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Lesson Plans

Marvin Bartel/Texts & ? approaches advocated

[ Thread ][ Subject ][ Author ][ Date ]
Sandra Hildreth (shildret)
Tue, 12 Dec 1995 20:28:22 -0500

This is a response to Mr. Bartel's comments regarding the use of art
history in art studio projects. I will give a brief and general summary of
how significant an activity I believe this to be and how I use it in my
H.S. Art classes as well as college Art Methods course.

A major format I use for almost every project I present is 1) introduce
"new" information - but I always try to relate it to something students
already know of or have experience with; 2) provide some sort of
skills/technique practice activities - ways the students can take the "new"
info and try it out; 3) a culminating project in which students apply the
"new" stuff they have learned and practiced in some sort of creative,
personally unique, form of artistic expression. Art history examples come
into play in many ways. Sometimes I use them in the introductory part,
perhaps showing a familiar work and providing some "new " information about
it; or a totally unfamiliar work and help my students analyze something
about the style or technique or expressive characteristics, etc. Or the art
history may be brought into the second phase, the practice activities, to
illustrate to students how a specific artist may have done the technique
they are working with. Lastly, the example from art history might be used
to provide motivation for the culminating project.

I have never believed it was the intent of DBAE to promote copying works of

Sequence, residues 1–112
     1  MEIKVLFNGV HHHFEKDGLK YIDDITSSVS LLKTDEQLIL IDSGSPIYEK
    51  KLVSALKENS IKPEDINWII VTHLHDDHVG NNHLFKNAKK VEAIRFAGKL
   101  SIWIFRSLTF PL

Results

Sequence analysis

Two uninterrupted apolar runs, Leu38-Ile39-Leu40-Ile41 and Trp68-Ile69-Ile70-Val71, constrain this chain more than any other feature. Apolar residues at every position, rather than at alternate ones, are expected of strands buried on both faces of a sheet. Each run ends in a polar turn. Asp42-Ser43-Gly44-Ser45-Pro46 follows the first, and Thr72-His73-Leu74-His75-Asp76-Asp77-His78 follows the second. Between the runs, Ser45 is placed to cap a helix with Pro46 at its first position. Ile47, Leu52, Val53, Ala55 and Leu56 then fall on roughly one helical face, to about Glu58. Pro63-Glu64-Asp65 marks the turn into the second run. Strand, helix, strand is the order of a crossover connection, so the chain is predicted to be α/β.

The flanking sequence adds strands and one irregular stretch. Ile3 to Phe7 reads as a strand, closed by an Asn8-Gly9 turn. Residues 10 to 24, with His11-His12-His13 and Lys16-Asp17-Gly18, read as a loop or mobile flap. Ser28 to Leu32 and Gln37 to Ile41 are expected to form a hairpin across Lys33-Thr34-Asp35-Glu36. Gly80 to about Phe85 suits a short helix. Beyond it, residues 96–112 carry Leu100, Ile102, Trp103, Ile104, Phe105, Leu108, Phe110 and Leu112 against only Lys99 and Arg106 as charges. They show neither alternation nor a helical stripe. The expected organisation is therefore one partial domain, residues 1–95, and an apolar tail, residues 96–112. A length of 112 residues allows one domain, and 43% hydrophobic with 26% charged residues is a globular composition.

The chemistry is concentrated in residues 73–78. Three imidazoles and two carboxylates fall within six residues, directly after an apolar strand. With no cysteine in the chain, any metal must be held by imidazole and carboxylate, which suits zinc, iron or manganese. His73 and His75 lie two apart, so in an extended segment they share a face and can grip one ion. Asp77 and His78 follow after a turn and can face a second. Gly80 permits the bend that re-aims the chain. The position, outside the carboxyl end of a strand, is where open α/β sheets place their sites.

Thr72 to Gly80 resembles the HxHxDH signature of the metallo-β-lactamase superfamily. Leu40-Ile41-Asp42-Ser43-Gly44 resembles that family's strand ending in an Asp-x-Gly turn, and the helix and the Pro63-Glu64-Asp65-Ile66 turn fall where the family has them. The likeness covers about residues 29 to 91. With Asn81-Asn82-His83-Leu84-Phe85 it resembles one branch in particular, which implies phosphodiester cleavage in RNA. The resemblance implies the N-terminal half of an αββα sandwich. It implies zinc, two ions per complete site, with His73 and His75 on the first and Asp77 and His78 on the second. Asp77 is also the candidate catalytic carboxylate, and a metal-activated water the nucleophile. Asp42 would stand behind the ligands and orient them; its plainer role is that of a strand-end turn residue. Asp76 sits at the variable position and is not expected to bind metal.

art as a way of integrating the discipline of art history into art classes
that have traditionally been nearly 100% art studio. I have at times had my
students copy a portion of a selected work, in an attempt to learn and
analyze technique/colors, etc. I've also had them copy a selected subject,
but to do it in their own style. But both of these would be what I consider
phase 2 practice activities - ways of helping the learners expland both
their own abilities and well as the knowledge and techniques that are out
there for them to explore. The culminating project is always something of
the students own design and creation - but I feel I have helped them come
to a better grasp of what they are doing by providing the previous
instruction/practice/analysis activities.

Another reason for following a format like this is that in New York State a
full unit or Art or Music is required for high school graduation. Therefore
I get a large percentage of students in my classroom who are simply taking
Art to get the credit out of the way. I care about teaching them something
- so I have found ways to make my introductions and practice activities
interesting enough and easy enough for any student to be able to do, with
reasonable effort. Now not all students will do well on the culminating
activity - but the prior activities certainly help them to be more
successful than if I had just given some terribly exciting and creative
topic and said "be unique, be daring, come up with something for this!" The
'real' art students like open ended assignments like that and most often do
well. But I have many more non-art students in my classes and I'd rather
see them learn something and pass (and perhaps develop some life-long
appreciation for the arts), than to see them struggle and fail without any
training or guidance.

Art history, art criticism, and aesthetics discussions/activities are
essential in helping people understand how artists work - and therefore
provide insights and guidance for individuals seeking to develop their own
styles and forms of expression as well as fostering art appreciation. I
personally feel that in the long run this improves the quality of the art
studio work.

Sandy Hildreth

  • Maybe reply: Nancy Walkup: "Re: Marvin Bartel/Texts & ? approaches advocated"